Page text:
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Benihana Inc. (NASDAQ:BNHN)

F4Q08 Earnings Call

June 12, 2008 5:00 pm ET

Executives

Joel A. Schwartz – Chairman & Chief Executive Officer

Juan C. Garcia – President & Chief Operating Officer

Jose I. Ortega – Vice President & Chief Financial Officer

Analysts

[Brad Buddington] – Keybanc Capital Markets

Greg Ruedy – Stephens, Inc.

Michael Gallo – C.L. King & Associates, Inc.

Anton Brenner – Roth Capital Partners, LLC.

Matthew Hanson – Twin Cedars Investments

John Curdy – Principal Global Investors

Robert [Vowski] – OFI Institutional

Will Hamilton – SMH Capital

Operator

Welcome to the Benihana Inc fiscal fourth quarter and year end 2008 conference call. Our host today, Joel A. Schwartz, Chairman and Chief Executive Officer, Juan C. Garcia, President and Chief Operating Officer and Jose I. Ortega, Vice President and Chief Financial Officer. (Operator Instructions)

Statements in this conference concerning the company’s business outlook or future economic performance, anticipated profitability, revenues, expenses or other financial items together with other statements that are not historical facts are forward-looking statements as the term is defined under federal securities laws.

Forward-looking statements are subject to risks, uncertainties and other factors which could cause actual results to differ materially from those stated in such statements. Such risks, uncertainties and factors included but are not limited to changes in customers’ tastes and preferences, acceptance of the company’s concepts and new locations, obtaining qualified personnel, industry exclusivity, fluctuation in customer demand, the seasonal nature of the business, fluctuations of commodity costs, the ability to complete construction of new units in a timely manner, obtaining governmental permits on a reasonably timely basis and general economic conditions as well as other risks detailed in the company’s filings with Securities & Exchange Commission.

I would now like to turn the floor over to Benihana’s Chairman and Chief Executive Officer, Joel Schwartz.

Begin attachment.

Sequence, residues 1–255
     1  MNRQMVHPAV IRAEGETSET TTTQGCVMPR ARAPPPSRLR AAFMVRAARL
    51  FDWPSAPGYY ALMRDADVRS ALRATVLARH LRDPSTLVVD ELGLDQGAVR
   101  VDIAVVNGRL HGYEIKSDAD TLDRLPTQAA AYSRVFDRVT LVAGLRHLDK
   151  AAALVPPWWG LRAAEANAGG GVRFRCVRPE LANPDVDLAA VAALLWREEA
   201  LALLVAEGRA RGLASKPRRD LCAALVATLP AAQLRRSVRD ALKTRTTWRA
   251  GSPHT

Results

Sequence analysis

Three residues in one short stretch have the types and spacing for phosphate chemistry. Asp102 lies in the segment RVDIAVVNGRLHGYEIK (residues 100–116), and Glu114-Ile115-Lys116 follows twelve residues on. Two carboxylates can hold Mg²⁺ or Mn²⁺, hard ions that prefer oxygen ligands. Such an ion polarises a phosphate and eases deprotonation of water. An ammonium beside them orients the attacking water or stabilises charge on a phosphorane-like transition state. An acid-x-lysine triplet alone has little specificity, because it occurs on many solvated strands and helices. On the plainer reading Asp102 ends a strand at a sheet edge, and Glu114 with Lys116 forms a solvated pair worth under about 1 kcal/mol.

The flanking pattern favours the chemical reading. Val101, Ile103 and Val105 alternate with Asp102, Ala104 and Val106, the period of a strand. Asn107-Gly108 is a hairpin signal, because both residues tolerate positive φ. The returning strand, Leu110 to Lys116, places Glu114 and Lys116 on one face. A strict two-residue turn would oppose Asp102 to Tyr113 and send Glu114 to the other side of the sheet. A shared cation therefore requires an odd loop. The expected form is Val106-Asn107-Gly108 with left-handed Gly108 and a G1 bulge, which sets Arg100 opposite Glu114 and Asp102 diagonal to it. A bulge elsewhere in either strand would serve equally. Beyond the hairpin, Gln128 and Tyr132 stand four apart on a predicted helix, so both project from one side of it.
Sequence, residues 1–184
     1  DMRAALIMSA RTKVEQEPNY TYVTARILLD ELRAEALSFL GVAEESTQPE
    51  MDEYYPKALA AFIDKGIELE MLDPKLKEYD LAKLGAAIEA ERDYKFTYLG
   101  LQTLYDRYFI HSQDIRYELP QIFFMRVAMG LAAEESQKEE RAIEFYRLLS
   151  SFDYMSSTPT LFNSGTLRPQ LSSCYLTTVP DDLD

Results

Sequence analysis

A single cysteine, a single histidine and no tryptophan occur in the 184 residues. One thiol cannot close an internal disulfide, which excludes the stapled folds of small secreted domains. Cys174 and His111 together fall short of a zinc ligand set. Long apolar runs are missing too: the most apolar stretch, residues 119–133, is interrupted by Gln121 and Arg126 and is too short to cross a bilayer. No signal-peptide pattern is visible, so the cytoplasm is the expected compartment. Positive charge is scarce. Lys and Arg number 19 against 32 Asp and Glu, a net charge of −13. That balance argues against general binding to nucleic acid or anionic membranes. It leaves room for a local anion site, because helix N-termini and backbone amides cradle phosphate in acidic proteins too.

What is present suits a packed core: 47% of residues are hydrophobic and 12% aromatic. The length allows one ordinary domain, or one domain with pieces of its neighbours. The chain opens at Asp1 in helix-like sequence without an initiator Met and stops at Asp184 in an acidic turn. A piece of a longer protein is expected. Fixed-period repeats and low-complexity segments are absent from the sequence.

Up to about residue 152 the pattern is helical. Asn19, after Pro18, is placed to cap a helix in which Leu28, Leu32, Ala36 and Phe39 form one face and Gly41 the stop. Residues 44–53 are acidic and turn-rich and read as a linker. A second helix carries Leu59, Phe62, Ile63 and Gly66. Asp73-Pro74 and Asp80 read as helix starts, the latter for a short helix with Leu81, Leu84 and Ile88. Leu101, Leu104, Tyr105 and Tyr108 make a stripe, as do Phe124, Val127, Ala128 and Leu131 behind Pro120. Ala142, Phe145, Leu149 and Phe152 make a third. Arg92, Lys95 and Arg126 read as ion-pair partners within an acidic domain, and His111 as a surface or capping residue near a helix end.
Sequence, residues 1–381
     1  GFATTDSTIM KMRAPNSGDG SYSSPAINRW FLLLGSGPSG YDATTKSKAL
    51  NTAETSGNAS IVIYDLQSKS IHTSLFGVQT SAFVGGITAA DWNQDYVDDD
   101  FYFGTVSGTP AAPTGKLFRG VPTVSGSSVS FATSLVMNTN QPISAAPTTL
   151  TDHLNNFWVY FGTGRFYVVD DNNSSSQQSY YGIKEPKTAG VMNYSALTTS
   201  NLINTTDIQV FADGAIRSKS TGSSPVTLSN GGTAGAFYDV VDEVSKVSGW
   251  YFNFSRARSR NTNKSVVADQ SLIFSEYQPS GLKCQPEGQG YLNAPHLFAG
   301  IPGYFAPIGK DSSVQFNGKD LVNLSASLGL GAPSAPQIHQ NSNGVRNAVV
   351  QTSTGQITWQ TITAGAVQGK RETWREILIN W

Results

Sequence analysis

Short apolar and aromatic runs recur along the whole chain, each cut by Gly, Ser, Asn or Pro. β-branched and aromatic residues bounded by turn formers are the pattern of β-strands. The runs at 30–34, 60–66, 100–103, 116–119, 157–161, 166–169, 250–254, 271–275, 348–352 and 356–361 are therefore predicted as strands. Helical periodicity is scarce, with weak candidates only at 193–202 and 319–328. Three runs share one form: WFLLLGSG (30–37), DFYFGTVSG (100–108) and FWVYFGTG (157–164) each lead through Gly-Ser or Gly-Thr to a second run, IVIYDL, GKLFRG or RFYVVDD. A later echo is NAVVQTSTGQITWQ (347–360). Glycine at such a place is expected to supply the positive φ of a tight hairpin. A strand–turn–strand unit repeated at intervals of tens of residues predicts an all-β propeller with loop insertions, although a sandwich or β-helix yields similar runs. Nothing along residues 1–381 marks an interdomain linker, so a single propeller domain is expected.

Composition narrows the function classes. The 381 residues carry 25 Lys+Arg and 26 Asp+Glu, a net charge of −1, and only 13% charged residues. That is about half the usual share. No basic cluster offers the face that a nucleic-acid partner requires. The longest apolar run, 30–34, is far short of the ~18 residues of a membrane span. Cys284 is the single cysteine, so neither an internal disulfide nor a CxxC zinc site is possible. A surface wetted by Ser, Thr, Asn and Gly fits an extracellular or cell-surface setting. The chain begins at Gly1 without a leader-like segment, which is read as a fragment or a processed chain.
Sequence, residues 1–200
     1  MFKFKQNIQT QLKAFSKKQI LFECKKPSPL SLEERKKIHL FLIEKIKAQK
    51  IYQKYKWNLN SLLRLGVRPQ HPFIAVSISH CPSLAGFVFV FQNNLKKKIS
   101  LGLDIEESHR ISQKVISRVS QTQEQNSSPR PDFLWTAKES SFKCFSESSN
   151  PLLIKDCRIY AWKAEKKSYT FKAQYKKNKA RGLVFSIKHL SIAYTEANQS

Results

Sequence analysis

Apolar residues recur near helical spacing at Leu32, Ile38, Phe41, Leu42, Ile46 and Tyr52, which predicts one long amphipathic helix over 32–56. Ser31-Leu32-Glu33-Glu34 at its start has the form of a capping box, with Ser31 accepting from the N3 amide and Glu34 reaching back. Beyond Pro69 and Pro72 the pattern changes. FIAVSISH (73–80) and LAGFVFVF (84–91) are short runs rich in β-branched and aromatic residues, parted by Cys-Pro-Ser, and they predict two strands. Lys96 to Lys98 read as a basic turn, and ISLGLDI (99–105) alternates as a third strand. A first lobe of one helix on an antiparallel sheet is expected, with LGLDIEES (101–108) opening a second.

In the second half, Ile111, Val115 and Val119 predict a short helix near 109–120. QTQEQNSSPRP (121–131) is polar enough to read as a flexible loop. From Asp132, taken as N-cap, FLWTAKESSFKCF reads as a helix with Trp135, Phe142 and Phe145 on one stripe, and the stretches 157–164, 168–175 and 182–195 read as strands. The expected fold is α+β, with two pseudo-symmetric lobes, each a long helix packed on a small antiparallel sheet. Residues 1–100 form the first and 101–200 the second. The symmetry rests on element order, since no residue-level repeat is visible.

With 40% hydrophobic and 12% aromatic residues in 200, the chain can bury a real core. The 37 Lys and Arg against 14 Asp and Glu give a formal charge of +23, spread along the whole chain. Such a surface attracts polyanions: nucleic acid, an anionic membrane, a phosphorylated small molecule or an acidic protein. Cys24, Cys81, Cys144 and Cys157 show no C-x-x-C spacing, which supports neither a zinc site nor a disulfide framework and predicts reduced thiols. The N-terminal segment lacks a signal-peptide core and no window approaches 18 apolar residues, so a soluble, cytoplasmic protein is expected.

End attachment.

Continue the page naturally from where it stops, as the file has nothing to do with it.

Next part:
Joel A. Schwartz

I’ll start with a brief review of our fiscal year as well as comments on the current restaurant environment and then more importantly discuss our current initiatives in fiscal 2009. Afterwards, I’ll turn the call over to our president and chief operating officer Juan Garcia who will review our development activity. Jose Ortega, our vice president and CFO will conclude our formal remarks with the discussion of our fourth quarter financials as well as issue our fiscal 2009 guidance.

Fiscal 2008 can be best characterized as a year of tangible progress in revitalizing our core brand and ramping up growth of our restaurant portfolio as well as a period of formable economic challenges. Our new restaurants do continue to perform up to expectations and are being completed on a timely schedule as Juan will elaborate on shortly. We grew total revenues by 8.9% to a record $296.9 million including an overall comparable sales increase for the year of 2.4%. Excluding the additional operating week in fiscal 2007 last year which resulted in $5.5 million in restaurant sales total revenues increased 11.1% over the year ago period. Net income of $12.8 million which was below last year reflects our investment to the areas of both remodeling and new development as well as the numerous industry wide cost pressures. We’re proud to be recognized as the leader in Japanese theme and sushi dining and we do intend to remain in the enviable position for many years to come.

We added a total of 10 new restaurants to our portfolio during fiscal 2008 including three Teppanyaki, five Raw Sushi and two Haru and ended the year with a total of 87 company operated locations across our three brands. We’ve also completed 16 renovation projects through the end of March and we’ve got an additional four restaurants being remodeled at the fiscal year end. We intend to put this initiative behind us early in our fiscal fourth quarter of 2009.